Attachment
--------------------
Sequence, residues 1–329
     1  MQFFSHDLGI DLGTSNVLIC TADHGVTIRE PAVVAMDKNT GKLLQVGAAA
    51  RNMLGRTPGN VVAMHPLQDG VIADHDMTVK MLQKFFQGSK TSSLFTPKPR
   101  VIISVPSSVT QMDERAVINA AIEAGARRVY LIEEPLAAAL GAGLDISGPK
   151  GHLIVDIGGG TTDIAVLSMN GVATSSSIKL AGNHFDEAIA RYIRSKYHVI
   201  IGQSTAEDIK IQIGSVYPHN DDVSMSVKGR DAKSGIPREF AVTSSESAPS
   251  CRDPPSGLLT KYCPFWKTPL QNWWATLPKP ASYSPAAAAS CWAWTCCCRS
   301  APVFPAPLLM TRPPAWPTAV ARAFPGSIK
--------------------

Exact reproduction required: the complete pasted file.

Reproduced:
Sequence, residues 1–329
     1  MQFFSHDLGI DLGTSNVLIC TADHGVTIRE PAVVAMDKNT GKLLQVGAAA
    51  RNMLGRTPGN VVAMHPLQDG VIADHDMTVK MLQKFFQGSK TSSLFTPKPR
   101  VIISVPSSVT QMDERAVINA AIEAGARRVY LIEEPLAAAL GAGLDISGPK
   151  GHLIVDIGGG TTDIAVLSMN GVATSSSIKL AGNHFDEAIA RYIRSKYHVI
   201  IGQSTAEDIK IQIGSVYPHN DDVSMSVKGR DAKSGIPREF AVTSSESAPS
   251  CRDPPSGLLT KYCPFWKTPL QNWWATLPKP ASYSPAAAAS CWAWTCCCRS
   301  APVFPAPLLM TRPPAWPTAV ARAFPGSIK